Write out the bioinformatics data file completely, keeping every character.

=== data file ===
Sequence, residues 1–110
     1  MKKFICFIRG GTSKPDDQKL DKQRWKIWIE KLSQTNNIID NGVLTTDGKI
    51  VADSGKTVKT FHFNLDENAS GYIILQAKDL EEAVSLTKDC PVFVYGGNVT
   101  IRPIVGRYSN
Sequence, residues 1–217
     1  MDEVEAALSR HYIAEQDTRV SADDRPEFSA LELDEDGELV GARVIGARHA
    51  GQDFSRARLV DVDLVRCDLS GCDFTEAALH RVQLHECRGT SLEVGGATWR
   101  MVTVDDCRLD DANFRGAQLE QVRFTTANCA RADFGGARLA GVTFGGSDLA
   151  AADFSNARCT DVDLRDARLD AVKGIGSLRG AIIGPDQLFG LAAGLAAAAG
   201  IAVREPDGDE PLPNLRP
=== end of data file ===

Sequence, residues 1–110
     1  MKKFICFIRG GTSKPDDQKL DKQRWKIWIE KLSQTNNIID NGVLTTDGKI
    51  VADSGKTVKT FHFNLDENAS GYIILQAKDL EEAVSLTKDC PVFVYGGNVT
   101  IRPIVGRYSN
Sequence, residues 1–217
     1  MDEVEAALSR HYIAEQDTRV SADDRPEFSA LELDEDGELV GARVIGARHA
    51  GQDFSRARLV DVDLVRCDLS GCDFTEAALH RVQLHECRGT SLEVGGATWR
   101  MVTVDDCRLD DANFRGAQLE QVRFTTANCA RADFGGARLA GVTFGGSDLA
   151  AADFSNARCT DVDLRDARLD AVKGIGSLRG AIIGPDQLFG LAAGLAAAAG
   201  IAVREPDGDE PLPNLRP